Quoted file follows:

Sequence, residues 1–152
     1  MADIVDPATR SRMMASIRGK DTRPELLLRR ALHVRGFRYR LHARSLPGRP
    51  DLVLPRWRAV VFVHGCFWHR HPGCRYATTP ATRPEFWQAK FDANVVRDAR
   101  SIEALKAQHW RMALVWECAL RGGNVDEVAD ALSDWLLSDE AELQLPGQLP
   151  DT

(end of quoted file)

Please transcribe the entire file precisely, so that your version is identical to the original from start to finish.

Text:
Sequence, residues 1–152
     1  MADIVDPATR SRMMASIRGK DTRPELLLRR ALHVRGFRYR LHARSLPGRP
    51  DLVLPRWRAV VFVHGCFWHR HPGCRYATTP ATRPEFWQAK FDANVVRDAR
   101  SIEALKAQHW RMALVWECAL RGGNVDEVAD ALSDWLLSDE AELQLPGQLP
   151  DT